Importing .3gp video file from an HTC Inspire phone. In the timeline preview and in the "get media" preview window, the sound is synced with video for a few seconds but becomes more and more delayed from the video. Just 15 seconds into the video the sound is significantly off and gets worse as the video plays.
I presume that the audio sample rate is the problem then. The .3gp file according to windows is recorded at 63kbps bit rate, 44 kHz mono. I noticed that all of the projects provided by Adobe Premiere Elements for Windows 9.0.1 are 48 kHz. There are no projects settings to choose from that do not have 48kHz.
When I create a new project, say with the preset "Standard 48kHz" project, in Project Settings, the sample rate drop down box is grayed out and set to 48 kHz.
In the video importer for "flip/AVCHD/Cameras and phones" there are no capture settings or anywhere to change the audio sample rate.
What's the solution here?
Unfortunately, despite Adobe's claim to the contrary, the program almost never works well with cell phone video.
You don't say what settings you used when you started your Premiere Elements project, but that could make some difference. Start a new project and use the settings for Flip video (standard definition). This is about as close as you can get to settings for this type of video.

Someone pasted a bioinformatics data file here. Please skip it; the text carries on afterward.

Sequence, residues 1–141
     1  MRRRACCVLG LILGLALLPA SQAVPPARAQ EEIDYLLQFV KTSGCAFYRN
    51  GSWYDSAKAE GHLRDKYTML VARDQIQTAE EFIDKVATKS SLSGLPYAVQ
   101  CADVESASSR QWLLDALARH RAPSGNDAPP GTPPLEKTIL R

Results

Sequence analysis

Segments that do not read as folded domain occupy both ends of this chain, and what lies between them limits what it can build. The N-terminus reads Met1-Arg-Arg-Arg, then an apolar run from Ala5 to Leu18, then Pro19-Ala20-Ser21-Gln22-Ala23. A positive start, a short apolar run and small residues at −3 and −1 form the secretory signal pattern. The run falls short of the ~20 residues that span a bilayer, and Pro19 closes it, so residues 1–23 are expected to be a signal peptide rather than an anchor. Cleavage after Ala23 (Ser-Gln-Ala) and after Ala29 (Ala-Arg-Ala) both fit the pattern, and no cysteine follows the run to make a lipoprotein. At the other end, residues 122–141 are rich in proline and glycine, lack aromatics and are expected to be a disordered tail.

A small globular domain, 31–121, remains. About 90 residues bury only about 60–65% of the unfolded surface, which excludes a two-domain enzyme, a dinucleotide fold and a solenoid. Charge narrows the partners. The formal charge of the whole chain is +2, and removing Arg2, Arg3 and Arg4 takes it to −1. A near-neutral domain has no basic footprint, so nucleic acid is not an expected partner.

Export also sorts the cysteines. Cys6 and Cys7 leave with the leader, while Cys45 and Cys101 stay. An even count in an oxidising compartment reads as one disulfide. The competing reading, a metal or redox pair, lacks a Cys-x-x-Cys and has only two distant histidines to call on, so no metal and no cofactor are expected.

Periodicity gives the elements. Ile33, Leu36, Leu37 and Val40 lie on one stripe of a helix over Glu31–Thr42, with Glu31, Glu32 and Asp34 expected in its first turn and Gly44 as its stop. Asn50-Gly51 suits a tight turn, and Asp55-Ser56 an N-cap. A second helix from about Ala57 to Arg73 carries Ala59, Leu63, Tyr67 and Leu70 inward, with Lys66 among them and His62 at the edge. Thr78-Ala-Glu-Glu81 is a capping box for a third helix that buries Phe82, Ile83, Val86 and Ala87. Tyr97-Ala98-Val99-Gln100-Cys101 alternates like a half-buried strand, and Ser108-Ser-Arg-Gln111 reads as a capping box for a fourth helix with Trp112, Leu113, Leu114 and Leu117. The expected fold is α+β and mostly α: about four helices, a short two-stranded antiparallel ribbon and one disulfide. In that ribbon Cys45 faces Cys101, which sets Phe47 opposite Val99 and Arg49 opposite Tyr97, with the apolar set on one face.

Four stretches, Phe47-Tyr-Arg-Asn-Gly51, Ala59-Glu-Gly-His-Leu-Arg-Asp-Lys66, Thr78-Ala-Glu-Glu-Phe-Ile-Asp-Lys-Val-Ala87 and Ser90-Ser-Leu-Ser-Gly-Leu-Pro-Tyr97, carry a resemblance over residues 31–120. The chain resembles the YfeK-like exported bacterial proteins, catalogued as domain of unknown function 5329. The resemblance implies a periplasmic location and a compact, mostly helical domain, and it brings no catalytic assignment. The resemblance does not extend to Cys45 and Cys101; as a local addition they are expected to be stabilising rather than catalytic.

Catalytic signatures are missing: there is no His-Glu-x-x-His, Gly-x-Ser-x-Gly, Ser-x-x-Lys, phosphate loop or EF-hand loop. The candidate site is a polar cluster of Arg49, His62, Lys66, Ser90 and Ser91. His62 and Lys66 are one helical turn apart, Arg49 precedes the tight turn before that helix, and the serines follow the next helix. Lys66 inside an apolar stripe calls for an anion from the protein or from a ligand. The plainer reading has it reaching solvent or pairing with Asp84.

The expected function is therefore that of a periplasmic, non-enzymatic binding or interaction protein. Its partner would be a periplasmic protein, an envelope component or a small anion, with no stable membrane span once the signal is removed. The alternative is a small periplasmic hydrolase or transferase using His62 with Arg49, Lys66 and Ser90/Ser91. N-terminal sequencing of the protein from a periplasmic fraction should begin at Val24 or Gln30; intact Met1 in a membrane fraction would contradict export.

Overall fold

It also could help to ensure that you have the latest version of Quicktime from Apple.com.
But this type of video, for the most part, just doesn't edit well with the program. Sorry.
You can also check in with Adobe Tech Support to see if they have a solution.
The 44.1KHz Sample-Rate should not be an issue, as PrE must Conform the Audio stream to 32-bit, floating point for editing, and can handle 44.1KHz easily. What I did not see was the Bit-Depth, and 16-bit is the standard, but some devices choose 12-bit, or even 8-bit. This ARTICLE will give more background on Conforming, the generation of PEK (Waveform Display) files, and also Indexing for various flavors of MPEG.
For OOS issues, this ARTICLE might prove useful.
Now, and as Steve says, telephone footage can be highly problematical.